On the national scene, academic advising has evolved from a single-purpose, faculty activity to a comprehensive process that focuses on the academic, career, and personal development of students. This evolution has resulted to a great extent, from the focus on developmental advising. The theoretical framework set forth by Perry, Chickering, Kohlberg, Gilligan. et al., as well as the vocational theories of Donald Super and John Holland, were adapted to personalize advising through an approach that went far beyond the traditional advising agenda of course selection and registration. Students were seen as individuals with unique needs and concerns. Therefore, advising practices were broadened to include educational and vocational goal setting, as well as the traditional scheduling of classes. Winton, Miller, Ender and Grites in their book "Developmental Academic Advising" (1984) profile a more refined definition of the developmental advising process, describing it as:
a systematic process based on a close student-advisor relationship intended to aid students in achieving educational, career, and personal goals through the utilization of the full range of institutional and community resources. It both stimulates and supports students in their quest for an enriched quality of life. Developmental advising relationships focus on identifying and accomplishing life goals, acquiring skills and attitudes that promote intellectual and personal growth, and sharing concerns for each other and for the academic community. Developmental academic advising reflects the institution's mission of total student development and is most likely to be realized when the academic affairs and student affairs divisions collaborate in its implementation. (p.19)
Viterbo has been well in line with national trends regarding academic advising. In 1980 and '81 Viterbo redefined and reorganized its advising system and process. The focus of advising shifted from being merely a helper in the registration process to a relationship building experience between an advisor and an advisee. The advisor became the facilitator for the students integration of their academic goals with their personal, social and career goals. The advising process became an opportunity to affect positive growth and development in our students.
In the late 1980's and 90's we emphasized the nature and importance of developmental academic advising. The good advisor helps advisees to grow intellectually, emotionally, and spiritually; and the advisee who is well served by the academic advisor will in probability be a better learner and a better person.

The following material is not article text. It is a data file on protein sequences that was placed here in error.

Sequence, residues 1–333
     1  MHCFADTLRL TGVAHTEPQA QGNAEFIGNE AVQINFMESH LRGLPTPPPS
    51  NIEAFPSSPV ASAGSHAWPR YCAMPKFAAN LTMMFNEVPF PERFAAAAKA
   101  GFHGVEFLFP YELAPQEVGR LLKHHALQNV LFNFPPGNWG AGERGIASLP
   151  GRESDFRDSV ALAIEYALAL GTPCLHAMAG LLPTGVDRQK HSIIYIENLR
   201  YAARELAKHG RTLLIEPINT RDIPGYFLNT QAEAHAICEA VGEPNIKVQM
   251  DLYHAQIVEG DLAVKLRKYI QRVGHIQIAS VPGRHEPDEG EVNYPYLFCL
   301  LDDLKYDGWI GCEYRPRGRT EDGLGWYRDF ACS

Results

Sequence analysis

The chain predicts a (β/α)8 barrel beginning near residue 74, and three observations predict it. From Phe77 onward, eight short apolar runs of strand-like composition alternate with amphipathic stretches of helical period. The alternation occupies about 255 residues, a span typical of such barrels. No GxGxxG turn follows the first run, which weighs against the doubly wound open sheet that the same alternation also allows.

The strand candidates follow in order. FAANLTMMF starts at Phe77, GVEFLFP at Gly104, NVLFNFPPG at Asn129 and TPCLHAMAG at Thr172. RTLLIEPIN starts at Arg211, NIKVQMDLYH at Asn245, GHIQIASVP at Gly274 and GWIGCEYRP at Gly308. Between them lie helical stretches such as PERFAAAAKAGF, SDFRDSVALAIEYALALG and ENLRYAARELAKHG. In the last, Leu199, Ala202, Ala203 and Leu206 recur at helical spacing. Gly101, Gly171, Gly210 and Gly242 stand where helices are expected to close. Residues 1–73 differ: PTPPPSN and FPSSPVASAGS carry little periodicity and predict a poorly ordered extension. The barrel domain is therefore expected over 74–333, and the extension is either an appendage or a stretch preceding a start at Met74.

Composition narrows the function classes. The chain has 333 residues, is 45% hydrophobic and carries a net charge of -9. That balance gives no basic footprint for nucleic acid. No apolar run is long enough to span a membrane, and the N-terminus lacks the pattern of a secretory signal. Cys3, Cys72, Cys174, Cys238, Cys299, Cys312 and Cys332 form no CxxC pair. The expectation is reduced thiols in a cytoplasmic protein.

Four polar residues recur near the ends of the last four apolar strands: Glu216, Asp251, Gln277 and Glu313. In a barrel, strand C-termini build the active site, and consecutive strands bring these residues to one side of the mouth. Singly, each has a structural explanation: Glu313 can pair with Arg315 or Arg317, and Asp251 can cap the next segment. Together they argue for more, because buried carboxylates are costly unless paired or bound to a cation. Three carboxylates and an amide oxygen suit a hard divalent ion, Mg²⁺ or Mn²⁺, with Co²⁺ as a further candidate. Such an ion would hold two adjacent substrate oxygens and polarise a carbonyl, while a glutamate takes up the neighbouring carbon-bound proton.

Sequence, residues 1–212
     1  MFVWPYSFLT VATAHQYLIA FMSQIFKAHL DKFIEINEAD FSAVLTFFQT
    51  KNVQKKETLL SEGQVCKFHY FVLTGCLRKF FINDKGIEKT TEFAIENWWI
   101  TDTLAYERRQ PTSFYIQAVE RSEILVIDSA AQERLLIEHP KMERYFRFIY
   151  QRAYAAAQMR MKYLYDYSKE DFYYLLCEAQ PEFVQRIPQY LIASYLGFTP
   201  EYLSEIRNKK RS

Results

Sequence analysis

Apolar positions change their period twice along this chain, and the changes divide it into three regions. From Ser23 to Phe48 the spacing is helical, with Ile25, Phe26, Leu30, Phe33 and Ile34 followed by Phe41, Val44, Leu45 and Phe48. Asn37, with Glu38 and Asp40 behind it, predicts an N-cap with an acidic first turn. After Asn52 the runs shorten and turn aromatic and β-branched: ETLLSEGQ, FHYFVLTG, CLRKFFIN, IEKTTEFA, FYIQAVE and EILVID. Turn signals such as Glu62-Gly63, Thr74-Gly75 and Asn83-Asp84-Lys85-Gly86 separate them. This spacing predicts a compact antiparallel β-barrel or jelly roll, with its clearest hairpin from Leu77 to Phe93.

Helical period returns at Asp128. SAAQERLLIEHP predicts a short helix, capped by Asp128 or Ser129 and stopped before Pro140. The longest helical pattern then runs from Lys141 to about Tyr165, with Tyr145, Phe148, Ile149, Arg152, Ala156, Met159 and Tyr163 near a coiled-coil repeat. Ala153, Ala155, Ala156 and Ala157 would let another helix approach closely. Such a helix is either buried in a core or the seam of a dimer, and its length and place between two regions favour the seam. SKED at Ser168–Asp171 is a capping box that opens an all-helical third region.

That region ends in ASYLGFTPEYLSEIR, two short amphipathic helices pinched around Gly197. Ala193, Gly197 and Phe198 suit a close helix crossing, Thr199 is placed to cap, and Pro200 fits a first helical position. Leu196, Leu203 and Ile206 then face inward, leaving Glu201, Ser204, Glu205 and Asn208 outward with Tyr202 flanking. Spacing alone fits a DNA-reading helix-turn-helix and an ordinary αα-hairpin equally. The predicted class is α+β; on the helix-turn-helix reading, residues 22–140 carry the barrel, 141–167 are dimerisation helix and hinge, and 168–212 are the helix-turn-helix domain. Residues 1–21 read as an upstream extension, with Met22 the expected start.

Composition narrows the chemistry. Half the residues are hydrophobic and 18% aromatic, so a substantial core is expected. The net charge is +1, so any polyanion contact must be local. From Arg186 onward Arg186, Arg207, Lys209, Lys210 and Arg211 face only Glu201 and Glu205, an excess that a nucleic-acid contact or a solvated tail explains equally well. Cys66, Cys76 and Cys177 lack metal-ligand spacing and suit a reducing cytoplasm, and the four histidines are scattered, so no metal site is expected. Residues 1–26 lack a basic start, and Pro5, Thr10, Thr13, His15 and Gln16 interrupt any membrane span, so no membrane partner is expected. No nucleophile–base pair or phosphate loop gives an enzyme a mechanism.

Today academic advising at Viterbo and elsewhere is a decision making process during which students clear up certain confusions and realize their maximum educational potential through communication and information exchanges with an advisor; it is ongoing, multifaceted, and a shared responsibility between the student and advisor.
Thus, our major goals for advising should be: a) growth in the self-awareness of the relationship of education and life, b) growth in the ability to identify realistic academic and career goals as well as a program to achieve them, c) growth in the awareness of life as extending beyond the college years. This is all accomplished through an ongoing relationship building experience between an advisor and an advisee.
Viterbo University's strategic plan for 2007-2012, University of Opportunity: Hope & Help, supports and encourages a developmental advising model. This plan calls us as faculty, staff and administration to work cooperatively and interactively in the growth and development of the whole student. Student learning and personal development are Viterbo's highest priorities and academic advising needs to be a means to that end.
As we interact with our students in our advising role, we all need to do so with high ethical/moral standards. To this end the National Academic Advising Association (NACADA) has formulated a Statement of Core Values of Academic Advising which is found following this introduction. All of us who have contact with students should subscribe to these core values as the philosophical basis for our relationship with our students.
The Core values document states that each of us "is ultimately guided in our work by what we perceive as important, what we value, and what we believe about those we serve." Understanding and acceptance of these beliefs and the other core values spelled out in the document are crucial to an ethical understanding of our relationships with students in our role as advisors and in implementing University of Opportunity: Hope & Help.